Most of the Liberty Ships were scrapped at the yards where they were built, some were reactivated for use in the Vietnam War, others were given permanent homes at the bottom of the ocean as offshore reefs, Rice said. The only other known surviving Liberty Ship, Hope said, is the Jermiah O'Brien, now restored and in operation as a museum in Oakland, Calif.

"We lost a lot of ships in the '50s and '60s," said Hope, a graduate of the U.S. Merchant Marine Academy and a 20-year veteran Chesapeake Bay pilot. "There was no interest until they were almost all gone."

Over the years, the John Brown has lost many important fixtures, Hope said. "The ship's wheel and whistle were taken as souvenirs. So we've had to search the world for spare Liberty Ship parts. But people came out of the woodwork with donations and we were able to salvage parts from two Liberty Ships that are being scrapped in Virginia."

Sill bearing the signs of 40 years as a floating high school, the John Brown's lower decks have been temporarily converted into a mini-repair facility. Amid graffiti-covered banks of school lockers, electrical and carpentry shops are humming, while down in the steamy boiler room, retired mechanics are repairing the ship's engine for its "matron" voyage next spring. Although the engine was active during the John Brown's time as a training vessel, the ship hasn't moved under its own power in 45 years, Hope said.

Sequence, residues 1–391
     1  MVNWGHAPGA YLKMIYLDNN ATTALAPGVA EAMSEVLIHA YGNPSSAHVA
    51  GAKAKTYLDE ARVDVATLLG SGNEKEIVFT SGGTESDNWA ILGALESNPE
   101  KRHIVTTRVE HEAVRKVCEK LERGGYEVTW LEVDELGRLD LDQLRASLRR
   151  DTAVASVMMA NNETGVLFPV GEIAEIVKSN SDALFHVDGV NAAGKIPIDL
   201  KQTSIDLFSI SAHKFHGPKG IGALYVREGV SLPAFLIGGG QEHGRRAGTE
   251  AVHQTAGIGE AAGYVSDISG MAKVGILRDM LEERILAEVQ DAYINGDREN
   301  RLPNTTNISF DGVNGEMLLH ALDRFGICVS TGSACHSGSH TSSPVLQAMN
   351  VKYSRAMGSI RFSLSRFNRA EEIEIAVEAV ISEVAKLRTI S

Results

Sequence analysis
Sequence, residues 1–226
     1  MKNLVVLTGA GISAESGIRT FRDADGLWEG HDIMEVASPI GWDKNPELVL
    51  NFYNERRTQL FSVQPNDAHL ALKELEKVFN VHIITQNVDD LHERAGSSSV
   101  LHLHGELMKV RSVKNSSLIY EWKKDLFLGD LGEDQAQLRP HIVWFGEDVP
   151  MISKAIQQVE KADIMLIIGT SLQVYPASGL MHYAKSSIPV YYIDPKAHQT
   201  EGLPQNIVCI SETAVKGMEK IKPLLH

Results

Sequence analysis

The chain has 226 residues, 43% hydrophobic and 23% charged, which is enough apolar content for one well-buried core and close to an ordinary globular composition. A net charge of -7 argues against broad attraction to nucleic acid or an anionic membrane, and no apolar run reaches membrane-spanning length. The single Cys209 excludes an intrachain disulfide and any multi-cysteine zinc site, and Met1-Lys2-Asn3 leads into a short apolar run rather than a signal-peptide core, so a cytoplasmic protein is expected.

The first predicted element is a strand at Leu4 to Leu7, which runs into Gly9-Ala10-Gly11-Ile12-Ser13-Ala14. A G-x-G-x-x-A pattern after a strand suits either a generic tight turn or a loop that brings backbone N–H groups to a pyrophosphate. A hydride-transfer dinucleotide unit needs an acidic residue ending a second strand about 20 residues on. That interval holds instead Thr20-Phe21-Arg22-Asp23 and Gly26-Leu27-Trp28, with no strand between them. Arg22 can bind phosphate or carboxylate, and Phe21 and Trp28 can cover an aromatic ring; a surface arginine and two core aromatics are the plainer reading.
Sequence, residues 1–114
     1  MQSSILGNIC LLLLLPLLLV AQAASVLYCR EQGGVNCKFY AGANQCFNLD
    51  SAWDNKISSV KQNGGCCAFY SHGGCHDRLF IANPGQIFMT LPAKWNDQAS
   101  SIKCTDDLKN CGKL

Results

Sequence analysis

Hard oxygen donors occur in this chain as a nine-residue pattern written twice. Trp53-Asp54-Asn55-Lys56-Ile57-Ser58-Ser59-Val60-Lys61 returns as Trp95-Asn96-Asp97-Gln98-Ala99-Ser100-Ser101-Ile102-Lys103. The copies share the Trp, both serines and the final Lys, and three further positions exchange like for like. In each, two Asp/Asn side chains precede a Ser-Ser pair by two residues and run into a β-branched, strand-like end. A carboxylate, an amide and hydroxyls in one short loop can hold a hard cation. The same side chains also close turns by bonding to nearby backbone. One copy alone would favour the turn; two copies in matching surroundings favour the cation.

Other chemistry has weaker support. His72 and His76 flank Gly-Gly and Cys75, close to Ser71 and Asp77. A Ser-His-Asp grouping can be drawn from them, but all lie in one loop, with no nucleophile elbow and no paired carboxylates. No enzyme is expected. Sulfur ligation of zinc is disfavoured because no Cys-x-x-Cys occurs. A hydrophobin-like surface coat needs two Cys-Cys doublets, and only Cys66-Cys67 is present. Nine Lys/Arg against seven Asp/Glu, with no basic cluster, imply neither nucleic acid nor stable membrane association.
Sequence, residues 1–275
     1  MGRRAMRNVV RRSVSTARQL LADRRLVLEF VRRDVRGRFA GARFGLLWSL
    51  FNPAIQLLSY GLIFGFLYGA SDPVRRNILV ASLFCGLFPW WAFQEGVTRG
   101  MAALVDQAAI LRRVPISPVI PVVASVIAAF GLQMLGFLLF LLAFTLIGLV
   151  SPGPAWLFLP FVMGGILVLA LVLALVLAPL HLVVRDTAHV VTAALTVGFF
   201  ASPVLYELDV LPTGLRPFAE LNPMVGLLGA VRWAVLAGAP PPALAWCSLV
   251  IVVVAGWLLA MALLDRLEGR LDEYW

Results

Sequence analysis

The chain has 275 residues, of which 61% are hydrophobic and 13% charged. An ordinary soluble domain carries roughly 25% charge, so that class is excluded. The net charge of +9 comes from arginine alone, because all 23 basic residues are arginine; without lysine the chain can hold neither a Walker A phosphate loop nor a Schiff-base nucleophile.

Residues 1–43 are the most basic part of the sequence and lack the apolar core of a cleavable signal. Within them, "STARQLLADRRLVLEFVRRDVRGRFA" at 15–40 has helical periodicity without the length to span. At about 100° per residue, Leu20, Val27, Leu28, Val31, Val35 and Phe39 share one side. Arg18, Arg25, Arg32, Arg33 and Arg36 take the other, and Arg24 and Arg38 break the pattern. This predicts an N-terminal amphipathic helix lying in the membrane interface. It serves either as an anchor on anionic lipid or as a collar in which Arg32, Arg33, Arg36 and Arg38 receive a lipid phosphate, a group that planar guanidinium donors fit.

Though the ship's spaces were divided for classrooms in 1946, most of its original layout and features remain; the early 20th century navigation and radio equipment, red oak paneled officers' quarters, crew's bunks, gun turrets and enormous cargo hold are intact.

Because of its status as a National Register landmark, the John Brown's restoration must be completed with sensitivity to its historic integrity, which means that it won't be outfitted with modern systems, and materials will match those used when it was built, Hope said.

Bringing the ship back to its 1942 appearance won't be too difficult because all of the Liberty Ships were built to the same specifications. There are design plans to work from, and volunteers know the original color schemes, Hope said.

Project organizers hope to secure a permanent berth this fall at Fells Point in Baltimore, where the public will be able to tour the ship. Next spring, they hope to provide sailing tours of the Inner Harbor.

Hope sees the ship's future role as an educational facility with exhibits to teach children about world geography and naval engineering, as well as about the role of merchant marine ships in the war and the contributions of workers who built the ships and those who sailed them.

"People don't get a chance to go on active ships or get a feel for the importance of the port," Hope said. "We'd also like to devote exhibit space to {the John Brown's} 36-year career as the country's only nautical training facility for high school students."

"Nostalgia for these ships flows like honey around here; there is a constant stream of mail from people all over the world who are interested in the return of a Liberty Ship," Hope said. "A vast majority of World War II veterans are coming to the end of their lives and they want to see symbols of their experience preserved. We still might not think if it as history yet, but it will be soon."